What are some more practical ways for businesses to personalize web page content?

Some companies who offer a specific product have their customers take a brief survey to personalize content. For example, clothing company Bombfell has their customers take a brief ‘style survey’ to give them the most relevant offers.

Others have an advertising ‘overlay’, where depending on the frequency of visits for a customer, an advertisement can pop up on screen targeted at the customer or offering a one-time discount.

It’s important not to pigeonhole customers into certain product lines in a form of hyper personalization. Letting customers discover new things while offering suggestions is the way to go.

Again, much like emails, website personalization has shown to yield positive ROI. Gartner predicts a 15% profit boost by 2020 for those who successfully handle personalization in eCommerce.

Social Media

Many think personalized content on social media is the next big thing (if it isn’t there already).

Some businesses offer their target demographic exclusive social media invitations to try new products in the hopes of those customers posting content featuring that product. It’s not a bad strategy, after all, about 71% of the consumers respond according to the feedback and recommendation of social users regarding a particular brand.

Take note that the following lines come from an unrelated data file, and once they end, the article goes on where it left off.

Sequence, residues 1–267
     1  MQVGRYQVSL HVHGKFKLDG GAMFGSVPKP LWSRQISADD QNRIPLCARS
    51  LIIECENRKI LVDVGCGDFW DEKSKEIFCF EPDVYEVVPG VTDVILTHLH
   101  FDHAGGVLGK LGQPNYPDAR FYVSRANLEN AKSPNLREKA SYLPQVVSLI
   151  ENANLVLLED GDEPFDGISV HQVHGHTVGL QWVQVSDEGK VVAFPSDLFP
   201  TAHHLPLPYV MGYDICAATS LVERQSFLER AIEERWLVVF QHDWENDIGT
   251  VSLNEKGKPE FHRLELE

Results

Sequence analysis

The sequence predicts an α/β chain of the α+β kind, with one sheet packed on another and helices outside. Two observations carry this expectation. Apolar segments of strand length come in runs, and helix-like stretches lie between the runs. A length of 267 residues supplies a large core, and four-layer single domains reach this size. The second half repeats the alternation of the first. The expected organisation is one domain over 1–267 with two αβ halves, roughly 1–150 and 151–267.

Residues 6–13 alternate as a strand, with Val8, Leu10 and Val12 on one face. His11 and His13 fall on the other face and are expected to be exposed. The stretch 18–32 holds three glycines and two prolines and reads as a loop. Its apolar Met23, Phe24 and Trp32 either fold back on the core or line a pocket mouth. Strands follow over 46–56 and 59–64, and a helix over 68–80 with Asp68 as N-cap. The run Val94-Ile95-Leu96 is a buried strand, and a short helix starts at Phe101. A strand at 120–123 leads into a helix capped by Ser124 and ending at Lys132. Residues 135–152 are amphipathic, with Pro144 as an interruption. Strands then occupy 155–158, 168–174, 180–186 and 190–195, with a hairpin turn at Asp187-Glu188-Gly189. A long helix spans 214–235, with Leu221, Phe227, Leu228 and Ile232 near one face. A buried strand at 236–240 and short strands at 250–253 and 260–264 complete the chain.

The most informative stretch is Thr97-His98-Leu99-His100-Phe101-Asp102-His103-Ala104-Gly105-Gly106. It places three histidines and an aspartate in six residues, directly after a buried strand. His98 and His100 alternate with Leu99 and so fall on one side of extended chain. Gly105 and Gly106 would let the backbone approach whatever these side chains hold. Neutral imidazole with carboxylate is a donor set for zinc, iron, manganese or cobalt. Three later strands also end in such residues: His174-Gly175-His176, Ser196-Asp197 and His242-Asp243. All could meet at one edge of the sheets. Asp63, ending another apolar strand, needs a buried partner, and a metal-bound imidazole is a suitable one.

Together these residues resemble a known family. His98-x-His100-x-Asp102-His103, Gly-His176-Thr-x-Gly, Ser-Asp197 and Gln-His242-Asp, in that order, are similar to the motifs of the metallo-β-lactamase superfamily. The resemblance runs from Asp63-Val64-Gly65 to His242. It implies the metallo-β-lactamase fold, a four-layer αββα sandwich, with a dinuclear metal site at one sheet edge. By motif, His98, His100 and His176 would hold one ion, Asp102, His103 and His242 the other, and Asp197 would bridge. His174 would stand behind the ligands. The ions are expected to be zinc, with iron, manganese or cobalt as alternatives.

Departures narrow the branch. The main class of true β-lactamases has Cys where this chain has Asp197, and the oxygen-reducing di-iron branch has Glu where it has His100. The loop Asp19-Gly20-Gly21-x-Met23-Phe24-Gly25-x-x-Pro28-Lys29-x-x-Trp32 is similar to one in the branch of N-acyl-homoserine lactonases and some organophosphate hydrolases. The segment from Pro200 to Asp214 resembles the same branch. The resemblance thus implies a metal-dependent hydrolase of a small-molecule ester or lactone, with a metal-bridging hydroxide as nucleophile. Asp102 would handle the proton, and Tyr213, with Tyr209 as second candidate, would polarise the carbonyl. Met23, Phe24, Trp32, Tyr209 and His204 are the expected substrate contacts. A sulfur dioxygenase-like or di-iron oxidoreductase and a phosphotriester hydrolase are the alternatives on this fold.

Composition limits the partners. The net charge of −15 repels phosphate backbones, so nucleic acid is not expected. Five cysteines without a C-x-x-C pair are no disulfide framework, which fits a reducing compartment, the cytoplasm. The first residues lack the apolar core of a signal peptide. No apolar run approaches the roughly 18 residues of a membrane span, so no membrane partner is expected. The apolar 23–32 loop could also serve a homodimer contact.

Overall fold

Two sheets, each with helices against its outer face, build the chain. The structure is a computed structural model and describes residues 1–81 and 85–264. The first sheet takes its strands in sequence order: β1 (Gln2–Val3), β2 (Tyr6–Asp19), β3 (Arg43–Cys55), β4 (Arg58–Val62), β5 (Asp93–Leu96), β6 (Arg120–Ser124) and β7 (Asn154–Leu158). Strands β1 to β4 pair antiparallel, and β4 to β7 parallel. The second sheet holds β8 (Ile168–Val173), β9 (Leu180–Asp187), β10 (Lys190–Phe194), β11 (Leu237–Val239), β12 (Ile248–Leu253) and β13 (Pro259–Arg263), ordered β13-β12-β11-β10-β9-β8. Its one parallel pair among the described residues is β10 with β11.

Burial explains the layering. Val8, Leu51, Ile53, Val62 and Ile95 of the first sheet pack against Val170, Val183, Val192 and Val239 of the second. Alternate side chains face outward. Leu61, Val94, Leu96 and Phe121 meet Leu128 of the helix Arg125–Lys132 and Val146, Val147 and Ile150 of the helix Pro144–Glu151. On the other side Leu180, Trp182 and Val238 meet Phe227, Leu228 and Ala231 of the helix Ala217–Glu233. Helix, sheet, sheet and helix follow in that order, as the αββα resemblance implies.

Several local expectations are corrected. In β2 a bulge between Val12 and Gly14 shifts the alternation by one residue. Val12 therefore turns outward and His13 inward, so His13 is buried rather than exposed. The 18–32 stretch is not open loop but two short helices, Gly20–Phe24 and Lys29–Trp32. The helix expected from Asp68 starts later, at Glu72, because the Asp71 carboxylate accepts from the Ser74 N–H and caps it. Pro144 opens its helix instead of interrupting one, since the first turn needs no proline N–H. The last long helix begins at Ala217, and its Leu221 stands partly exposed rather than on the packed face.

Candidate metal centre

Keep in mind, it’s important to know what social media platforms your audience engages the most with. Homogeneous approaches are rarely successful and amount to wasted time and energy. A visual product would likely succeed more on Instagram or Pinterest, whereas Facebook would be a better platform for long-form posts.

Benefits of Personalization

Some of the statistics above emphasized the potential increase in conversions by targeting personal preferences and past purchases. In addition, conversions can be made more quickly (think ‘one-click’ purchasing) but there are other benefits as well.

It can build passion with your audience. For example, a sports apparel business who knows a batch of customers avidly support a particular team can send a blog article about that team to that group. That group doesn’t just love sports. They love that team. Targeting that niche level of passion can create long-lasting loyalty.

Along those lines, monotony is a killer of engagement, and that includes your website. Website and content personalization keeps things fresh and makes it so the customer doesn’t feel like they’re always going back to the ‘same old, same old’.

In addition to existing companies, personalization can nurture new customers. Depending on how they entered into your website (social media, through a campaign), there can be a customized welcome even without knowing any of their specific information.

Notice, all of these pros of personalization are meant to make the customer feel special and like an individual human being as opposed to just a ‘sale’.


Personalization is a major factor in modern-day business to having the customer come back for repeat purchases. With a little bit of customer data and knowledge of your customer persona, you can have a real-time customization of their buying journey.